World Press Freedom Day was proclaimed by the UN General Assembly in 1993 following a Recommendation adopted at the twenty-sixth session of UNESCO’s General Conference in 1991. This in turn was a response to a call by African journalists who in 1991 produced the landmark Windhoek Declaration on media pluralism and independence.

Citizen participation, social benefit, educational role … These are some of the key values of free or community media. We are talking mainly about a community media movement which has been active for decades in our country. In fact, the first documented experiences of this type of radio date back to 1976, now 45 years ago. The fight for legal recognition has continued throughout this time and 2021 should be, according to its protagonists, a key year for their requests.

Read this article, published by here (in Spanish only).

UNESCO and the Bonavero Institute of Human Rights of the University of Oxford will soon be launching a global Massive Open Online Course (MOOC) for judicial actors, to promote international and regional standards on freedom of expression and the safety of journalists.

This free, five-week online course will run from the weeks of the 10 May until the 07 June 2021with the possibility of completing the course until the 30 June 2021.

The 5 modules will cover:

  1. The General Principles and Scope of Freedom of Expression;
  2. Limitations on Freedom of Expression;
  3. The Right of Access to Information;
  4. The Safety of Journalists;
  5. Challenges created by the Digital World.

The course will be led by experts in the field of human rights and freedom of expression, and will include high-level guest speakers such as UN Special Rapporteurs, judges from regional human rights courts, prosecutors, and human rights lawyers.

At the end of the course, a certificate of completion will be issued for participants who have completed the modules.

*Please note that registrations will be confirmed by the organizers, and that you will receive an email prior to the start of the MOOC to create your account and access the course.

  • More information on the MOOC can be found here.

Should you have any questions, please feel free to contact Namara Burki ( from UNESCO or Stefan Theil (  from the Bonavero Institute of Human Rights.

If you missed the Global Dialogues on Community Media in the Post-Pandemic World that took place during the summer of 2020, you can now revisit the discussions (see below). The meetings were curated & hosted by UNESCO Chair on Community Media Dr. Vinod Pavarala.

Global Dialogues, Community Media in the Post-Pandemic World 8. Community is the Answer:

Community Radio in Continental Europe – Part – 1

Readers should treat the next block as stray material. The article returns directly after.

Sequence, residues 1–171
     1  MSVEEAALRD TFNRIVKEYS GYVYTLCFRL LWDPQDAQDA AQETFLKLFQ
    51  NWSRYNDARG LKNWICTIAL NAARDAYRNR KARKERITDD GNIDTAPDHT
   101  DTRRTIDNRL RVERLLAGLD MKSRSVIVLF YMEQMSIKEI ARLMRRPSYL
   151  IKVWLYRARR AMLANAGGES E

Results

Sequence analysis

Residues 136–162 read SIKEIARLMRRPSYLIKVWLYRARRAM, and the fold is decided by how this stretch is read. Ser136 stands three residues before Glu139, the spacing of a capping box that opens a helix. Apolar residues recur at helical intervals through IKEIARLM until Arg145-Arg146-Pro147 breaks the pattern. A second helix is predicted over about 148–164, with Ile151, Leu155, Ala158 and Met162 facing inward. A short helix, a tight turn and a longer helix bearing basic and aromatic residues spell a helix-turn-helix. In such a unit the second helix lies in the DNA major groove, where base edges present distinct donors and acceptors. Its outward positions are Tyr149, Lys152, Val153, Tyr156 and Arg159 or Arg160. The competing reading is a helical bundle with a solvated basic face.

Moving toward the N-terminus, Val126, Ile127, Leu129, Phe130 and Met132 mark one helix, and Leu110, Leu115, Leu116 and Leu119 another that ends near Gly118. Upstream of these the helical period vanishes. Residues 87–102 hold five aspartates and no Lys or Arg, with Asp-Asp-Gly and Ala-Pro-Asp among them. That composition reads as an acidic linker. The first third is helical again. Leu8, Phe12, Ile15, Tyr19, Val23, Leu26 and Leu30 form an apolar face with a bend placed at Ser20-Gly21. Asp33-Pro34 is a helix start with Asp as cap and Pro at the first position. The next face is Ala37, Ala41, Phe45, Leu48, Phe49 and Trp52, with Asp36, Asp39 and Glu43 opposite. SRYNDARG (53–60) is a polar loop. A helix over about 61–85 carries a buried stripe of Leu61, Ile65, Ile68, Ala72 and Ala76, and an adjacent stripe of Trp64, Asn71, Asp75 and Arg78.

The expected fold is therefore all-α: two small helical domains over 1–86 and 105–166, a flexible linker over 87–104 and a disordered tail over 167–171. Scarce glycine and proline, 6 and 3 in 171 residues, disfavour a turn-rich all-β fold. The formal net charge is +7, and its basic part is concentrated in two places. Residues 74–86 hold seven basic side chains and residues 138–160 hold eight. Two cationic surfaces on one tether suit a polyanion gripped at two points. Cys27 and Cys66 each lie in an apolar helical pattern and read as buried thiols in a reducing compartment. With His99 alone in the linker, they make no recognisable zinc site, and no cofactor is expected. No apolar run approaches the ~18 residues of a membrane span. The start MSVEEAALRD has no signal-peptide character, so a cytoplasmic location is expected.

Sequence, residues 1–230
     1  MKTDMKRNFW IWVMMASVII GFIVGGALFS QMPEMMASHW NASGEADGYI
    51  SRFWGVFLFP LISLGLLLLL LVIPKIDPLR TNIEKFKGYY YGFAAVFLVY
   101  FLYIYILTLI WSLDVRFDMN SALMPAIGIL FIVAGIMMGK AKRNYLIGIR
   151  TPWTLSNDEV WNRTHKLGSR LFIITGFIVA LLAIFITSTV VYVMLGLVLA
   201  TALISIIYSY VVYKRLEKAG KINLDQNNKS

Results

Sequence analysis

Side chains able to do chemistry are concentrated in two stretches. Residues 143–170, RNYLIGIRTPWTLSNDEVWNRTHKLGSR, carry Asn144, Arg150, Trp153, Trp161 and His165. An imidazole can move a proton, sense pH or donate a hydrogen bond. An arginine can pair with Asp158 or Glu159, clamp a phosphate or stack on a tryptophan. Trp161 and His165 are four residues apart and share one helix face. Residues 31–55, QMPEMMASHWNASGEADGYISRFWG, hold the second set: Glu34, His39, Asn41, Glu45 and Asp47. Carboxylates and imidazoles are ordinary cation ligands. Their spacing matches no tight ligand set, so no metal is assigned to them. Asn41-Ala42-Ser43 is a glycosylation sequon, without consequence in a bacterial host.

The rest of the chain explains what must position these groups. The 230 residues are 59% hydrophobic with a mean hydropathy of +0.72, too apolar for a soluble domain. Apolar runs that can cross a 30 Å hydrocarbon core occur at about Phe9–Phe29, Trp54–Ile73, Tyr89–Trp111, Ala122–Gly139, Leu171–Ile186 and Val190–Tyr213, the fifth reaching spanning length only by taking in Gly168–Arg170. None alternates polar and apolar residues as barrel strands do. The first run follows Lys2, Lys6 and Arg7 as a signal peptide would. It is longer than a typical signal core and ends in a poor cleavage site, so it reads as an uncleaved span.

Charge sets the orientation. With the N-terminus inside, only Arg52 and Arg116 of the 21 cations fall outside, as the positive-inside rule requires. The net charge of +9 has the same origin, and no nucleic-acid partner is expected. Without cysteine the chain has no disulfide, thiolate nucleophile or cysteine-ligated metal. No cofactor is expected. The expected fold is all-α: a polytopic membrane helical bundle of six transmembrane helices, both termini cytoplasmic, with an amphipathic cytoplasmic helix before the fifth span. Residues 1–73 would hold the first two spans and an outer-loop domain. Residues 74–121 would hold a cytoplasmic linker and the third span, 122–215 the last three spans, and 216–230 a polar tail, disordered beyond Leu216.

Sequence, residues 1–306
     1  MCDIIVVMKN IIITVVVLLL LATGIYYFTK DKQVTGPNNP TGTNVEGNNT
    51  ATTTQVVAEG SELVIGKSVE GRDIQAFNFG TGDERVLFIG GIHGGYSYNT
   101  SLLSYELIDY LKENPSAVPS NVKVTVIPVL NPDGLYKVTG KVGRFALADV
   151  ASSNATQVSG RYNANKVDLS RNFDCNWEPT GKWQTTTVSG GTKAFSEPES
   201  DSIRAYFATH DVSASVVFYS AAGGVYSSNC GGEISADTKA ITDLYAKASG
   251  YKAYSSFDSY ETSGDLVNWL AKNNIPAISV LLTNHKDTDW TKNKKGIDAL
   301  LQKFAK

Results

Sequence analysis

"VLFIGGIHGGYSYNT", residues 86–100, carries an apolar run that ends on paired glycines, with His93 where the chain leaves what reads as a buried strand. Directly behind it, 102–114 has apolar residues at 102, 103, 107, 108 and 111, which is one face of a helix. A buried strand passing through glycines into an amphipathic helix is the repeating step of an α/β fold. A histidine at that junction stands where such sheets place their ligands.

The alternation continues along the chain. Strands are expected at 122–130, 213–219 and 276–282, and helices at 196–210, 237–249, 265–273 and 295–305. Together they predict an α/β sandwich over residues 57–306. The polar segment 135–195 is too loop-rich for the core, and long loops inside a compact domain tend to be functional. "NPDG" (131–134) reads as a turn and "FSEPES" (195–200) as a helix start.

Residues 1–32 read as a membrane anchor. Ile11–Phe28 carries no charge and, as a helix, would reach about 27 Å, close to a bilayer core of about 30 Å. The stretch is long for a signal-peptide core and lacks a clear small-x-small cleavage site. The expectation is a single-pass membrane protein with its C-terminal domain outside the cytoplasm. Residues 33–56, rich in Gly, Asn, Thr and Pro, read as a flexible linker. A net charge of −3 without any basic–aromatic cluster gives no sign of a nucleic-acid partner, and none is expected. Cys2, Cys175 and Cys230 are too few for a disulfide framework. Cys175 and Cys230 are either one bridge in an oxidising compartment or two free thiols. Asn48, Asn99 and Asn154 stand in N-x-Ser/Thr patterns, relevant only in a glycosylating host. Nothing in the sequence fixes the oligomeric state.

• Nicolas Horber, Executive Officer, Radio Campus France
  • Ragnar Nils-Olof Smittberg, President, NRO, Swedish National Organisation for Community Radio
  • Ákos Cserhati, Founder, Civil Radio, Hungary
  • Fabian Ekstedt, Board Member, Bundesverband Freier Radios (German Federation of Free Radios)
  • Helga Schwarzwald, Managing Director, Verband Freier Radios Österreich–V-FRÖ (Austrian Association of Free Radios)
  • Isabel Lema Blanco, ReMC (Spanish Network of Community Media)


  • Birgitte Jallov, President, Community Media Forum Europe (CMFE)
  • Michael Nicolai, President, AMARC Europe 

Global Dialogues, Community Media in the Post-Pandemic World 9

Strengthening Community Radio: Continental Europe Part – 2


  • Stephanie Scholz, Radio Corax, Halle, Germany
  • Miranda Moen, RadiOrakel, Oslo, Norway
  • Lisa McLean, ARA City Radio, Luxembourg
  • Esa Ylikoski, Lähiradio, Helsinki, Finland
  • Dragana Jovanovich, Friends of Srebrenica, Srebrenica, Bosnia and Herzegovina


  • Michael Nicolai, President, AMARC Europe
  • Birgitte Jallov, President, Community Media Forum Europe (CMFE)

Global Dialogues on Community Media in the Post-Pandemic World 3

Beyond the Noise in UK & Ireland


  • Danny Lawrence, Chairman, Community Media Association (CMA), UK
  • Janey Gordon, Vice-Chair, CMA & Founder, Radio LaB 97.1 fm (Bedfordshire)
  • Steve Buckley, MD, Community Media Solutions & Former President, AMARC International
  • Terry Lee, Coordinator, Radio Lab, University of Bedfordshire
  • Soledad (Sally) Galiana, Radio Coordinator, Near FM (Dublin) & Former President, AMARC-Europe
  • Rosemary Day, University of Limerick (Ireland) & Former Member, Broadcasting Authority of Ireland


  • Salvatore Scifo, Bournemouth University (UK) & former VP, Community Media Forum Europe (CMFE)
  • Andrew Ó Baoill, National University of Ireland, Galway & Founding Station Manager, Flirt FM